The longstanding conflict between the Turkmenistan government and Russian mobile operator Mobilnie TeleSistemy (MTS) has finally been resolved. MTS renewed operations in Turkmenistan after over a year and a half hiatus, according to the company’s press-service. Now the authorities will be getting a 30% cut of the profits compared to 20% in previous agreements. The history of MTS’ operations in Turkmenistan is a complicated one; MTS subsidiary Barash Communication Technologies, Inc. (BCTI) was the first and largest mobile operator in Turkmenistan, opening offices in 1994 and by 1999, providing mobile services to Ashgabat and all regional capitals of the country, and continuing to grow and expand its services. By late 2010, 2.4 million individuals in Turkmenistan relied on MTS for access to mobile connection and the Internet, but on December 15 of that year, MTS received notification from Turkmenistan’s Ministry of Communications of a one-month suspension of its license and on December 21, MTS suspended its services in Turkmenistan and 2.4 million people lost access to mobile phones and the Internet. On the same day the head office of MTS in Russia announced that the company had filed a lawsuit at the International Court of Arbitration against Turkmenistan.
On January 21, 2011, the day when the suspension was expected to end, MTS Turkmenistan was unable to resume its services, and the company’s head office in Russia issued a statement saying that the company had offered to negotiate a settlement with the Turkmen government and resume work in Turkmenistan. On January 22, Turkmenistan’s Minister of Communications, Ovliaguly Jumaguliev, stated that MTS’s five year agreement allowing it to work in the country had expired in December of 2010, and claimed that Turkmenistan will defend its interests in international courts. The Ministry demanded that MTS Turkmenistan annul all of its contracts with users, settle its bills and dismantle its equipment. MTS filed a number of lawsuits against Turkmenistan estimating damages at 585 million USD. On March 3, 2011, MTS distributed an open letter among the participants of the conference “Turkmenistan Oil & Gas Road Show” in Singapore, warning them of risks involved in investing in Turkmenistan’s economy. Turkmenistan’s Foreign Ministry called these actions “unscrupulous and low,” while the Russian Foreign Ministry called on Turkmenistan “to respect the interests of the Russian investor working in good faith,” stressing that Russian authorities will continue to support the company.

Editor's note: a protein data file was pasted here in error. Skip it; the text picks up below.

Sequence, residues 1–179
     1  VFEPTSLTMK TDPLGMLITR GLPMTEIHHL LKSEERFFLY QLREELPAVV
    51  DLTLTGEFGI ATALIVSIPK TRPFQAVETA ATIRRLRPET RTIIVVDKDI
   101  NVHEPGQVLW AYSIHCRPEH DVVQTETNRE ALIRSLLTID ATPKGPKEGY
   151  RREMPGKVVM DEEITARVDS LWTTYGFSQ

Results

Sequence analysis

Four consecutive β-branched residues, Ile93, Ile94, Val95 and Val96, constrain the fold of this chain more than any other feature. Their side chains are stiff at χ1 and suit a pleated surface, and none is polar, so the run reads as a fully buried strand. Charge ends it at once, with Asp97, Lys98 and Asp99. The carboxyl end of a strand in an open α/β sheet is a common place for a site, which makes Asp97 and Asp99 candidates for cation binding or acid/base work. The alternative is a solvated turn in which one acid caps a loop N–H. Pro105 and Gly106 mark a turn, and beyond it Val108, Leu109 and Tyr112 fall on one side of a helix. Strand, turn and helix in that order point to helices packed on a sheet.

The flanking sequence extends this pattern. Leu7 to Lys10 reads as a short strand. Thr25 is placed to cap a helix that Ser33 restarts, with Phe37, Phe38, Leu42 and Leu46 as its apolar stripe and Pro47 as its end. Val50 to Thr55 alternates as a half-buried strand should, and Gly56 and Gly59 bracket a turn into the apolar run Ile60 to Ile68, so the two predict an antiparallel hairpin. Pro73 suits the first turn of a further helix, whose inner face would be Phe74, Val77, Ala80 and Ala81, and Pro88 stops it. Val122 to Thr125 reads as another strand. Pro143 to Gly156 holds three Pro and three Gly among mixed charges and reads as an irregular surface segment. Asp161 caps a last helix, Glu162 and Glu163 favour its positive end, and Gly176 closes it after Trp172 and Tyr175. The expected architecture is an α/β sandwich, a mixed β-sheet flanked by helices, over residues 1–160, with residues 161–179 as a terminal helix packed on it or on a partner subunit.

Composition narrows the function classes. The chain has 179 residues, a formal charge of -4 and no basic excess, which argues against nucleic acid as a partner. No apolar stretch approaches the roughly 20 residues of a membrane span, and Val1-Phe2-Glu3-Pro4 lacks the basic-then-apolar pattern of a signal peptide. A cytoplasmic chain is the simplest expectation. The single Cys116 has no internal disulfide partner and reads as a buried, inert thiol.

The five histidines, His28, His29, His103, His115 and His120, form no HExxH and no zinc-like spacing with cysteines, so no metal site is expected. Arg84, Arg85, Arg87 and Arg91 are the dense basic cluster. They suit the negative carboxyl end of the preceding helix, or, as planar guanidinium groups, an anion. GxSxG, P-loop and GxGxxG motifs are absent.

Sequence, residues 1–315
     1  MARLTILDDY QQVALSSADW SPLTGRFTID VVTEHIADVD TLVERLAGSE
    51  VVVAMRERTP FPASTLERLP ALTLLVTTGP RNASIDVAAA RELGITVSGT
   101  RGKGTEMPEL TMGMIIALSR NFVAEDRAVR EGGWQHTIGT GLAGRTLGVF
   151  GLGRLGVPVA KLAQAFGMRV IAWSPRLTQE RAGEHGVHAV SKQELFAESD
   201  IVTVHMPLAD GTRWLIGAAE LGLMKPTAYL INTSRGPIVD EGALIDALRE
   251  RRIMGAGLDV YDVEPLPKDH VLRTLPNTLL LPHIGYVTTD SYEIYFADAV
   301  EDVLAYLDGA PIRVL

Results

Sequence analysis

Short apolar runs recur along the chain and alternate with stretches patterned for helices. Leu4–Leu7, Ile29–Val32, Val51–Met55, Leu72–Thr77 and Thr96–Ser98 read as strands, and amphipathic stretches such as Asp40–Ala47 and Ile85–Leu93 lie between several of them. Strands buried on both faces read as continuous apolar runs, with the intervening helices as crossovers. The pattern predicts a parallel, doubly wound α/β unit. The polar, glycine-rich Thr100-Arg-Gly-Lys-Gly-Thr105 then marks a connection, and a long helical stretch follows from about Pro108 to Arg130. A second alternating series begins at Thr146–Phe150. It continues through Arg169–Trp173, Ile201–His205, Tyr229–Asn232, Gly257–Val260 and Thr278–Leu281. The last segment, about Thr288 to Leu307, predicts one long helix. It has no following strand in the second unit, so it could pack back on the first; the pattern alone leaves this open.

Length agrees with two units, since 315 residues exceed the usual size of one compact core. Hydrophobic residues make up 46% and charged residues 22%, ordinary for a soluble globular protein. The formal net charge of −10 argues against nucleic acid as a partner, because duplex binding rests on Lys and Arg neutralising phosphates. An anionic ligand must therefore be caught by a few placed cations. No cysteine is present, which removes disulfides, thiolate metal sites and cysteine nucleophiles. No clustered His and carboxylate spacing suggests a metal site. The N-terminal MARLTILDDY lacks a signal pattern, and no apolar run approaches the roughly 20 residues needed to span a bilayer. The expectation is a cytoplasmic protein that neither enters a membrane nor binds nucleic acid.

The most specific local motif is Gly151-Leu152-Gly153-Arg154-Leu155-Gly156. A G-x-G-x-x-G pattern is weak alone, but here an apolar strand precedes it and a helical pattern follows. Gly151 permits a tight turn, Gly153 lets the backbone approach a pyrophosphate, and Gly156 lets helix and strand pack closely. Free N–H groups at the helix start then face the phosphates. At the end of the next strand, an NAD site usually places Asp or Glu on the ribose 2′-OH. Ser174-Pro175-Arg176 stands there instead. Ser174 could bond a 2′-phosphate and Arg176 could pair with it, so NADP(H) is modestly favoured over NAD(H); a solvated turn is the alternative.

Nineteen months have passed, leaving individuals, businesses, and state agencies in Turkmenistan restricted to using the poor services of Turkmenistan’s national operator Altyn Asyr, which despite many presidential orders to improve services has been unable to do so. According to some reports, the growing outcry over the quality of Altyn Asyr services influenced the decision to allow MTS to return to Turkmenistan. In May 2012, MTS managed to resolve the issue following a May 2 meeting with Turkmenistan’s President Gurbanguly Berdymukhamedov. At that time, Vladimir Evtushenkov, the chairman of the board of MTS’s major share holder, the financial corporation “Sistema,” announced that MTS would resume its work in Turkmenistan, and that the company had received the necessary licenses. Today, MTS has concluded a five year agreement with the State Communication agency Turkmentelecom, with the possibility of a five year extension. MTS-Turkmenistan is to pay Turkmentelecom 30% of their net profits calculated in accordance with accountancy rules of Turkmenistan, while previously it paid 20%. MTS and its subsidiary BCTI, Turkmenistan’s Ministry of Communications, and Turkmen national mobile operator Altyn Asyr, also signed a settlement agreement resolving complaints about the termination of the work of MTS in Turkmenistan in December 2010. According to the company’s statement, MTS’ infrastructure in Turkmenistan will enable the company to provide services for more than 2.4 million users.
Prices continue to grow in Turkmenistan, with the average cost of a studio apartment in Ashgabat increasing to 50,000 USD compared to 40,000 USD last year. This price increase comes despite recent evidence that the buildings will not be able to withstand heavy rains and have become flooded after recent storms, and many of them are subject to a bedbug infestation. Meanwhile, there are presidential decrees to increase construction of new buildings as well as 78 new bridges on two highways. On a photo published by Trend.az, which ran the report on the bridge construction, the roads are empty, which makes sense – unemployment is high, and the population poor – with few owning cars.
Recently Berdymukhamedov has started to speak more frequently about privatization. For instance, at a governmental meeting he stressed the importance of developing entrepreneurship in the agro-industrial complex, as well as transferring other facilities, including the Health Path, into private hands. It is possible the President may recognize that state controlled companies are inefficient in running these key sectors. At the same time, his tendency to micro-manage and the cronyism in state administration complicate the role that private enterprise can play in this system.